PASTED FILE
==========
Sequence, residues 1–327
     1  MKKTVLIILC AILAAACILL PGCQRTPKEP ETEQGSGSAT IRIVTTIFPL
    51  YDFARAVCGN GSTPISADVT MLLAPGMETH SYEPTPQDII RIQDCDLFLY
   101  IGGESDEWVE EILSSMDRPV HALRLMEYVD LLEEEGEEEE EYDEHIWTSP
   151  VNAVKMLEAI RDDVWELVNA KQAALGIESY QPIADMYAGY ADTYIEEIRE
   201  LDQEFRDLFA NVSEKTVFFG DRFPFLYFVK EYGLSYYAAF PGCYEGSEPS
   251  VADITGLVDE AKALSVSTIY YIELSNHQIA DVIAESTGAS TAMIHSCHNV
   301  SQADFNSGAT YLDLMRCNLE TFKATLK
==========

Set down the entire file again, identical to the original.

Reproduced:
Sequence, residues 1–327
     1  MKKTVLIILC AILAAACILL PGCQRTPKEP ETEQGSGSAT IRIVTTIFPL
    51  YDFARAVCGN GSTPISADVT MLLAPGMETH SYEPTPQDII RIQDCDLFLY
   101  IGGESDEWVE EILSSMDRPV HALRLMEYVD LLEEEGEEEE EYDEHIWTSP
   151  VNAVKMLEAI RDDVWELVNA KQAALGIESY QPIADMYAGY ADTYIEEIRE
   201  LDQEFRDLFA NVSEKTVFFG DRFPFLYFVK EYGLSYYAAF PGCYEGSEPS
   251  VADITGLVDE AKALSVSTIY YIELSNHQIA DVIAESTGAS TAMIHSCHNV
   301  SQADFNSGAT YLDLMRCNLE TFKATLK